The Ruc are a small tribe indigenous to the mountains of Quang Ngai province, Vietnam. Until 1959, they lived in complete isolation from the outside world as they had for thousands of years. The Ruc were hunter-gatherers who lived in caves and grottos and shunned contact with mainstream Vietnamese society. Upon their discovery, the North Vietnamese government forced their integration. Today they no longer live as hunter-gatherers and are recognised as one of Vietnam’s 53 ethnic minorities.
Phong Nha-Kẻ Bàng National Park, a UNESCO world heritage site, is a land of dense mountain jungle that houses the world’s largest caves and oldest limestone deposit. The Ruc have lived there since the Stone Age and their name means ‘cave people’ in a local dialect.
To the ethnic Vietnamese that farmed the lowlands, these mountains were a wilderness home to dangerous beasts and mysterious tribes. Though their ancestors likely settled northern Vietnam at the same time, while the lowlanders adopted agriculture and formed kingdoms, the Ruc and their cousins maintained a hunter-gatherer lifestyle free from outside influence.
In 1959, a group of North Vietnamese soldiers were investigating the aftermath of a bombing in the mountains of Quang Ngai when they spotted a band of ‘forest people’. The strangers were short, naked and incredibly agile. They fled up trees and into caves and grottos. The soldiers followed them and spent all day persuading eleven families to relocate to a nearby village.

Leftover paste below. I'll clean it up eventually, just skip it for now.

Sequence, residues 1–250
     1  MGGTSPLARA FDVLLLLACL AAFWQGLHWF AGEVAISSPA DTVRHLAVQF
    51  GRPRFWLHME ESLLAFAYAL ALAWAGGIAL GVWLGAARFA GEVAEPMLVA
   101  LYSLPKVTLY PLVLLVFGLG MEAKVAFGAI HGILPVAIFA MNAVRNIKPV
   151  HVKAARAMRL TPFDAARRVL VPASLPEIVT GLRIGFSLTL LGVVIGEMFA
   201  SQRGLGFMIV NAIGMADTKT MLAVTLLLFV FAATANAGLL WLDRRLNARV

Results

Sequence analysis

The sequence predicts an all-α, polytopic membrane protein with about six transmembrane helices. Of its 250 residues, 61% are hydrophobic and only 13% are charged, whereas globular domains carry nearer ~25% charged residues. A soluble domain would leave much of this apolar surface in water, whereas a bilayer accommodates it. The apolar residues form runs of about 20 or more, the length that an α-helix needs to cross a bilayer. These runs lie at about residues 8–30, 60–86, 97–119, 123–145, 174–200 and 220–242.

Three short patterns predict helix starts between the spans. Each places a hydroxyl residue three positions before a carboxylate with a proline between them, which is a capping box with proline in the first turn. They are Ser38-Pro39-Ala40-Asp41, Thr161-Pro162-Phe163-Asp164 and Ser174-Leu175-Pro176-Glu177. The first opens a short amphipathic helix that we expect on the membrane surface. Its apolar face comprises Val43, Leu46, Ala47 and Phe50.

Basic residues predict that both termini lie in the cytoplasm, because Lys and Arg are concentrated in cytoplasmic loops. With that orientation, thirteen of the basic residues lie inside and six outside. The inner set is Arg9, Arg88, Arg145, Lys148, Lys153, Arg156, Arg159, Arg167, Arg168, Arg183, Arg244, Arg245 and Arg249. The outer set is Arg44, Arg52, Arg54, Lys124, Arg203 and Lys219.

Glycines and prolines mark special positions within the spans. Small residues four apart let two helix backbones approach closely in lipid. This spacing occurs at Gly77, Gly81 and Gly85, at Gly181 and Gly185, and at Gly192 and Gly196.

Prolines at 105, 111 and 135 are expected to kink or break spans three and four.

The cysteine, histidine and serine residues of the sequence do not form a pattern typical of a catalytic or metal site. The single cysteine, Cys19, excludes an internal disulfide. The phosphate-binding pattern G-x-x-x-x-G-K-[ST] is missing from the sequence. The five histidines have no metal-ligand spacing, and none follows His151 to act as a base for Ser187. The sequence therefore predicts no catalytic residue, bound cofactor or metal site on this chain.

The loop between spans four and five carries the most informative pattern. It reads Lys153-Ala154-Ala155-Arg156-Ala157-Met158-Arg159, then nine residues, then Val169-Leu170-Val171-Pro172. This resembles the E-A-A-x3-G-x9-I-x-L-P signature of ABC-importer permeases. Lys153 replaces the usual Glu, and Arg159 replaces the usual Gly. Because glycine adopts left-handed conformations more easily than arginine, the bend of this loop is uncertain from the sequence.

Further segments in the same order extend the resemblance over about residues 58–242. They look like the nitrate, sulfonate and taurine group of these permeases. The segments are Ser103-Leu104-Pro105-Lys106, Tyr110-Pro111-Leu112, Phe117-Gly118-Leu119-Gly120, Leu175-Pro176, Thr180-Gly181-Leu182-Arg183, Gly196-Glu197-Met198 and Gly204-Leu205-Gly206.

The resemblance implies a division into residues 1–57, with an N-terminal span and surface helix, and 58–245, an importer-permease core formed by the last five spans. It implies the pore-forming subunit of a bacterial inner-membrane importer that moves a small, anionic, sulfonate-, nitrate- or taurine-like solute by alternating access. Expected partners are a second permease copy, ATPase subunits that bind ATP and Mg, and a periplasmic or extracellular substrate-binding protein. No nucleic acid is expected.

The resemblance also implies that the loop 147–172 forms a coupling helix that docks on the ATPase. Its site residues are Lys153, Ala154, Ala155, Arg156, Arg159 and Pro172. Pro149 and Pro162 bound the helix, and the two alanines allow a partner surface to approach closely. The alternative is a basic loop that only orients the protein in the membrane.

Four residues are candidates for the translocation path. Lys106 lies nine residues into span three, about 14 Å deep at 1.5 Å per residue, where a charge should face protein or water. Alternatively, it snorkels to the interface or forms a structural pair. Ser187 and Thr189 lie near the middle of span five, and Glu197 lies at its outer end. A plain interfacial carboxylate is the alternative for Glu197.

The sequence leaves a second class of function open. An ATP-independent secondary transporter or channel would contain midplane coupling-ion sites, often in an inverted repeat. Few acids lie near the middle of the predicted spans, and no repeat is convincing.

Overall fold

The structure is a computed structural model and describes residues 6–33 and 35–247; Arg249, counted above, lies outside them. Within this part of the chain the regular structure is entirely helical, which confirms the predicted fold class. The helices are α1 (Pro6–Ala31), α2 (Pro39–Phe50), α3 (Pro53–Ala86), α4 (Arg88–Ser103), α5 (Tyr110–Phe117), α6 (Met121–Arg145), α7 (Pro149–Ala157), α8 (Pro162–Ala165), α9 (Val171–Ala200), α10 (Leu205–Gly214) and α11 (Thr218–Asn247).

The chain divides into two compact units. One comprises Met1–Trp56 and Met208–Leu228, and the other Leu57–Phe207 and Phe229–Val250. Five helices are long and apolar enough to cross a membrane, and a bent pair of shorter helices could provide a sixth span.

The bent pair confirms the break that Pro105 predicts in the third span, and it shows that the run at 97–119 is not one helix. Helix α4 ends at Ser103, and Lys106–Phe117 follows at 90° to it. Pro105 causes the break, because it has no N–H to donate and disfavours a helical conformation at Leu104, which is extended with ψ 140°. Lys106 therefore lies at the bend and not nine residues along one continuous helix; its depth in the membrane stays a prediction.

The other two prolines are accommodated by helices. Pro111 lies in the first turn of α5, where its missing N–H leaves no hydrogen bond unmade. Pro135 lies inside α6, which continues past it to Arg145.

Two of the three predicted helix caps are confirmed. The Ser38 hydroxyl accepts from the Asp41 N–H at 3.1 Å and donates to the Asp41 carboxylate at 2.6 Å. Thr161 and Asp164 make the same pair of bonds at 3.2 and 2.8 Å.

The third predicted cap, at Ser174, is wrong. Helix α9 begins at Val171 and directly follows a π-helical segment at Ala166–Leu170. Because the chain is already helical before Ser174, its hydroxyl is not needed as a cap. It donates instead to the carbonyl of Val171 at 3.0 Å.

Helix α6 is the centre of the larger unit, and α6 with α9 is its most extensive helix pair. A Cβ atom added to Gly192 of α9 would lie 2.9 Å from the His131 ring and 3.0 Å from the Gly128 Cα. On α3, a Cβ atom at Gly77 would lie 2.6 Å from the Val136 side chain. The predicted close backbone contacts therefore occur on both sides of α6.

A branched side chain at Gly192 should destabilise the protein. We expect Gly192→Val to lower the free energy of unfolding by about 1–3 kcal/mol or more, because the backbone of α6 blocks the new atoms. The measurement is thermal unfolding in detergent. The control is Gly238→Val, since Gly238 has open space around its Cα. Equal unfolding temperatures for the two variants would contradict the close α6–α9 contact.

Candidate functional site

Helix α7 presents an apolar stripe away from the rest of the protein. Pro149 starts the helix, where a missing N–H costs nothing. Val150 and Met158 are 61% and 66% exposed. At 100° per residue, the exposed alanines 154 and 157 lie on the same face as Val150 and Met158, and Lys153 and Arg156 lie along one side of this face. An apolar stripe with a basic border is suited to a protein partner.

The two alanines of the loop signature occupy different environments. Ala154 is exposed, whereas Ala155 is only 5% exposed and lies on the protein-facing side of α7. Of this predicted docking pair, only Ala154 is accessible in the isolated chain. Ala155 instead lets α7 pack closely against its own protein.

Rather than leave them be, the authorities forced integration. According to communist doctrine, history is progressive and the Ruc would be better off by settling down and adapting to modern, agricultural society than remaining in their primitive and oblivious state. By 1971 the Ruc had all abandoned their caves and were living in permanent homes.
The Ruc moved into state-provided houses, and their numbers grew from 109 in 1971 to 500 today. Many longed for their old ways, however, and to this day some still live in caves up to three months a year. In 2013 Ho Tien Nam became the first Ruc to graduate from university. He now works as a teacher.
Anthropologists place the Ruc language in the Chut group, which encompasses five other indigenous tongues and is part of the Austroasiatic family. Their ancestors may have retreated to the mountains when farmers settled northern Vietnam. Their language is small and, because they had no tribal or family names, after 1971 they took Vietnamese ones.
Traditionally the Ruc foraged for food, mainly the edible powder of the Doac tree, fished and hunted small animals. They slept standing up. Ruc believed in magic and cast spells to protect from pregnancy, stave off wild beasts or in, in some cases, cause harm. These spells and rituals are upheld by elders with secrecy and reverence. In 2005, scientists identified the small animal Ruc hunted as the Laotian Rock Rat, an animal they thought died out 11 million years ago.
Sources: English-Vietnam, Species Conservation, Spiritual Travellers Blog, UNESCO